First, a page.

The thing I guess that bothers my about this report is that it seems like their reaction to inequality in AWC is just to get rid of it. Rather then trying to figure out how create more opportunities, it seems like they would rather get rid of them to create equality.

        The other thing is that all of this just seems to me to be lashing out against inequality within BPS, but how much does that even really matter in a system that is already, what, 85% minority and low-income. The real inequality is actually between the districts that surround Boston and Boston itself.

        The problem is this, in my opinion you cannot have a BPS, at least in the near term, that has no tracking or exam schools and also has any measurable amount of middle class people in it. High-minded principals aside most people are going to do everything they can for their kids within their means. Since middle class people have the resources to move a few miles down the road to a different school district or send their kids to private school I think the system needs to have some way to give faith to people that their kids have plenty of opportunities in order for them to stay. But inevitably those things (like AWC) are going to end up not matching the demographics of the district as a whole.

        Now, you can have an honest debate about weather BPS would be better off not having tracking and focusing on teaching a 99% low-income and minority student population. In my (admittedly biased) opinion BPS is better off educating students from a broader swath of society. I think it helps to have parents that have the resources to be more engaged politically, with the schools themselves and it is better for the kids to be exposed to some people that are not exactly like them.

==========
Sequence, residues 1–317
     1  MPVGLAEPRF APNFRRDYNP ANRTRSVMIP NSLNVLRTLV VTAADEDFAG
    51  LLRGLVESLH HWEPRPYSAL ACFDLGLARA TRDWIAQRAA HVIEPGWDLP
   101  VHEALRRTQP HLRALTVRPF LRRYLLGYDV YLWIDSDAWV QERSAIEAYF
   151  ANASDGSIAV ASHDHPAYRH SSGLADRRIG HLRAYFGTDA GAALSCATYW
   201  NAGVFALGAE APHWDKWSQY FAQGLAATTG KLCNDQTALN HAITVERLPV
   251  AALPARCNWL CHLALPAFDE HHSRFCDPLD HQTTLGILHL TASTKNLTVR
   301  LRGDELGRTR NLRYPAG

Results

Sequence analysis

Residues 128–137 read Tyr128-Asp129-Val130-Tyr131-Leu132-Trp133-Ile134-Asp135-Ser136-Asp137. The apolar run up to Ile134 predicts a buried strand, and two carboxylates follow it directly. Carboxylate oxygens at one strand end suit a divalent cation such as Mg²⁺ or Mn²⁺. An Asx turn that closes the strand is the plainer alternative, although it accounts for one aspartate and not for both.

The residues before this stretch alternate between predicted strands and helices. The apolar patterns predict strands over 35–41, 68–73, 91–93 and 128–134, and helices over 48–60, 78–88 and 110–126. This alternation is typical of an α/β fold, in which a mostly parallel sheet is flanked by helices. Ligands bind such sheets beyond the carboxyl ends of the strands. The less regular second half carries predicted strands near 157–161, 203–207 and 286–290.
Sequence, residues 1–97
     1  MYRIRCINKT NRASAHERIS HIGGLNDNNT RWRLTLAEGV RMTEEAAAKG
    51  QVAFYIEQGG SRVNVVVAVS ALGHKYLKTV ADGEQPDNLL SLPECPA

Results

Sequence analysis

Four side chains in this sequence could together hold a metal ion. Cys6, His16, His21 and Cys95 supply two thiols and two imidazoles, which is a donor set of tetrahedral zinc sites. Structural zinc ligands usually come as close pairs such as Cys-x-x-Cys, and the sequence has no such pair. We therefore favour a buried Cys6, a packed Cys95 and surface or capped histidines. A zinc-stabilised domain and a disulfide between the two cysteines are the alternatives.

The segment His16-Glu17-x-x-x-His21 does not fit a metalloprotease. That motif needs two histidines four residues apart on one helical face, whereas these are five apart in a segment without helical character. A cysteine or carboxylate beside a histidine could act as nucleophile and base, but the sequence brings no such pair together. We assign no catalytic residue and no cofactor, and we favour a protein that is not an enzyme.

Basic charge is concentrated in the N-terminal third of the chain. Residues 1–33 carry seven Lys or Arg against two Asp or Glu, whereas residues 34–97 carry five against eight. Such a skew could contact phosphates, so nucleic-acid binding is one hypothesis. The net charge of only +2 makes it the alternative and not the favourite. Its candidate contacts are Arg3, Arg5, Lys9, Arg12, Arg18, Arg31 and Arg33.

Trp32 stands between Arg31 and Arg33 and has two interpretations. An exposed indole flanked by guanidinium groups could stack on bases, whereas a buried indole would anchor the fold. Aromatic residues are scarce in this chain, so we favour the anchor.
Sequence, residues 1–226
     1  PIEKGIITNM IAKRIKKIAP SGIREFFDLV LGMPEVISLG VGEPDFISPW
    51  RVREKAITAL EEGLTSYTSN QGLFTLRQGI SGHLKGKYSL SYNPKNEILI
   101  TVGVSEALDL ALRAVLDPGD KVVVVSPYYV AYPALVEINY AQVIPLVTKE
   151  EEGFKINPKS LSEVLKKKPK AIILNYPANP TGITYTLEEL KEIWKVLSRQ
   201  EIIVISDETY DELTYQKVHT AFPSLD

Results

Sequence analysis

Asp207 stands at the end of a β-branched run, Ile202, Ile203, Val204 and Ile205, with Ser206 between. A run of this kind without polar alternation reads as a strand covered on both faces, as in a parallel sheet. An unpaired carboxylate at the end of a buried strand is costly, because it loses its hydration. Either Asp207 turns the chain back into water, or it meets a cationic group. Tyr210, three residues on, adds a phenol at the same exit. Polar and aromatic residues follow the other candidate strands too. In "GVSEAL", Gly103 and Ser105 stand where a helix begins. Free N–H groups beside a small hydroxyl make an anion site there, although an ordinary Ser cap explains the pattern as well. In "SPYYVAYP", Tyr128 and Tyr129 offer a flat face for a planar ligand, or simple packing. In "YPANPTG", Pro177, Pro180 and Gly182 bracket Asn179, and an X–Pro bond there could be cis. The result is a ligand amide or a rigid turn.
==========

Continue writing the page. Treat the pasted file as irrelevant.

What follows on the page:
I guess I think that if equality is your #1 priority and you are fine with doing that even if it eliminates diversity that is fine. But I have not heard any plan that I think has a reasonable chance of being able to have your cake and eat it too.

  6. Thanks for taking the time to lay out your thoughts here. I’m sure others are thinking what you are writing. No one is talking about equality. We are talking about equitable access to the quality existing in the system, on the one hand, and increasing quality, on the other. This is not easy in a country that is become more unequal and more privatized by the minute, but I don’t see what choice we have. As armored vehicles patrol the streets of Ferguson, I worry more about what happens if the country continues to become more inequitable, than I worry about the reverse.